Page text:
9. In the case before us, there is no material, as the matter now is, to show that if the matters are allowed to stand as they are, there would be any improvement in the situation. The only result would be that the entire assets of the company may become insufficient perhaps to pay the creditors and they may not even get any substantial part of what is due to them. We must remember that in between the admission of the petition and the final order of winding up, there are opportunities for the court to extend its helping hand to the company to revive its functioning. At that stage, the court could properly play a constructive role in giving positive assistance to any scheme of revival if the court finds that such a scheme is real as well as feasible. In the circumstances of the case, the question whether the company will be able to get any collaboration and if so, whether any practical suggestion as to such collaboration would be worthwhile for the court to consider are matters which must necessarily be relegated to the final stage. As it is, we feel that the order of the learned company judge has to be vacated. Even so, we are not directing that the petition should be admitted since that calls for fresh consideration for the reason we will presently indicate.
10. Though the question has not been raised before the learned company judge and in fact even here, we notice that the petitioner has not moved for leave of the court under r. 97 of the Companies (Court) Rules, 1959. Such leave is to be sought for when the motion is made by a prospective of contingent creditor. That the petitioner is. Therefore, such a motion should have been made under s. 439(8) of the Companies Act read with r. 97 of the Companies (Court) Rules. The question of admitting or not admitting the petition is to be decided only after leave is granted. Therefore, though we have said that the grounds on which admission was refused are not sustainable in law, we are not proceeding to admit the petition, for, the condition precedent for such admission has to depend on a motion made by the petitioner for the purpose of seeking leave. Inasmuch as such a motion has not been made, we leave the matter to be finally disposed of by the learned company judge taking into account what we have said in this judgment. In other words, having found that the approach by the learned company judge on the question before the learned judge was not in accordance with law, we set aside that order and remit the case back to the company judge to pass appropriate orders taking also into account the fact that, as it is, there is no application for leave before the court under r. 97 of the Companies (Court) Rules.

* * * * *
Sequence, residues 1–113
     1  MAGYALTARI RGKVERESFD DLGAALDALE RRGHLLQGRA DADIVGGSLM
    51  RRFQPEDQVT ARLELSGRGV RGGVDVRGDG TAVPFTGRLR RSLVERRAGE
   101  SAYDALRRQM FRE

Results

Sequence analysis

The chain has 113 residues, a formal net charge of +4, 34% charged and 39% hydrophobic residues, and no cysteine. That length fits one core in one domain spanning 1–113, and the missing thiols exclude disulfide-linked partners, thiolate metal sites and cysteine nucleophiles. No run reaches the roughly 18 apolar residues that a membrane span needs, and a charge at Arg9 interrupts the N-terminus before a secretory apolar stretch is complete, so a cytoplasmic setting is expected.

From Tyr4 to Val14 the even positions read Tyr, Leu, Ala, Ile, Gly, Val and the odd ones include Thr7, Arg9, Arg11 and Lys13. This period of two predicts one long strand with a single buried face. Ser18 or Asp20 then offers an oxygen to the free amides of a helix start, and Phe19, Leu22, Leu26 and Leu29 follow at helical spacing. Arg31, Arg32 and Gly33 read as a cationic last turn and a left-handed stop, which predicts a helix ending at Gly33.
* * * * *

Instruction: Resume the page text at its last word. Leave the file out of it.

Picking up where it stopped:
11. The appeal is disposed of as above. No costs.
12. At the request of the counsel for the respondent-company, the operation of this order is stayed for a period of four weeks.